Luther on Christ Loving “Me”

Who is this “me”? I, wretched and damnable sinner, dearly beloved of the Son of God. If I could by work or merit love the Son of God and come to Him, why should He have sacrificed Himself for me? This shows how the papists ignore the Scriptures, particularly the doctrine of faith. If they had paid any attention at all to these words, that it was absolutely necessary for the Son of God to be given into death for me, they would never have invented so many hideous heresies.

I always say, there is no remedy against the sects, no power to resist them, except this article of Christian righteousness. If we lose this article we shall never be able to combat errors or sects. What business have they to make such a fuss about works or merits? If I, a condemned sinner, could have been purchased and redeemed by any other price, why should the Son of God have given Himself for me? Just because there was no other price in heaven and on earth big and good enough, was it necessary for the Son of God to be delivered for me. This He did out of His great love for me, for the Apostle says, “Who loved me.”

Did the Law ever love me? Did the Law ever sacrifice itself for me? Did the Law ever die for me? On the contrary, it accuses me, it frightens me, it drives me crazy. Somebody else saved me from the Law, from sin and death unto eternal life. That Somebody is the Son of God, to whom be praise and glory forever.

Hence, Christ is no Moses, no tyrant, no lawgiver, but the Giver of grace, the Savior, full of mercy. In short, He is no less than infinite mercy and ineffable goodness, bountifully giving Himself for us. Visualize Christ in these His true colors. I do not say that it is easy. Even in the present diffusion of the Gospel light, I have much trouble to see Christ as Paul portrays Him. So deeply has the diseased opinion that Christ is a lawgiver sunk into my bones. You younger men are a good deal better off than we who are old. You have never become infected with the nefarious errors on which I suckled all my youth, until at the mention of the name of Christ I shivered with fear. You, I say, who are young may learn to know Christ in all His sweetness.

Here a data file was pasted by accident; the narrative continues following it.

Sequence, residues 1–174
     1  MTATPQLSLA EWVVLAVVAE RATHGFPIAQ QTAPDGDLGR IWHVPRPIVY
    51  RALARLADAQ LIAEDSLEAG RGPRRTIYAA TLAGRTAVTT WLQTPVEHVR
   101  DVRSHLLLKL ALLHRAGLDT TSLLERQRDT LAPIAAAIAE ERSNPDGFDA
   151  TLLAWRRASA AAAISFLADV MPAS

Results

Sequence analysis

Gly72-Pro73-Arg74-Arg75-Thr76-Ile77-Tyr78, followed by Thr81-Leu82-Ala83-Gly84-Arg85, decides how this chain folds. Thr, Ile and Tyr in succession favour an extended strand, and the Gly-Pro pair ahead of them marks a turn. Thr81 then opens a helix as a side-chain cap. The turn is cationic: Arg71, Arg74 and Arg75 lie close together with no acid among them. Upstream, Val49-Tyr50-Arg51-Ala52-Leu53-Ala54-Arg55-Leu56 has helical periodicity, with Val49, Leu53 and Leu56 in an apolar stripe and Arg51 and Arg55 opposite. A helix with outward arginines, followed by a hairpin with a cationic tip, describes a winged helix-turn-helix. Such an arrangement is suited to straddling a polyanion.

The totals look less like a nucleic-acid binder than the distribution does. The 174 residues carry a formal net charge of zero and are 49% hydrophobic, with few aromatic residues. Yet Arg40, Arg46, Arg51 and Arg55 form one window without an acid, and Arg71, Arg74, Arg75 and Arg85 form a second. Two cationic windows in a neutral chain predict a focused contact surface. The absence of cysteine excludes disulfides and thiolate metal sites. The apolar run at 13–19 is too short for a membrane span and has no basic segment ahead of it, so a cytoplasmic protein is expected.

For Christ is Joy and Sweetness to a broken heart. Christ is a Lover of poor sinners, and such a Lover that He gave Himself for us. Now if this is true, and it is true, then are we never justified by our own righteousness.

Read the words “me” and “for me” with great emphasis. Print this “me” with capital letters in your heart, and do not ever doubt that you belong to the number of those who are meant by this “me.” Christ did not only love Peter and Paul. The same love He felt for them He feels for us. If we cannot deny that we are sinners, we cannot deny that Christ died for our sins.

Martin Luther: Commentary on the Epistle to the Galatians (1535)
Trans. Theodore Graebner

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Ministers of the Law

Paul has good reason for calling the minister of the Law the minister of sin, for the Law reveals our sinfulness. The realization of sin in turn frightens the heart and drives it to despair. Therefore all exponents of the Law and of works deserve to be called tyrants and oppressors.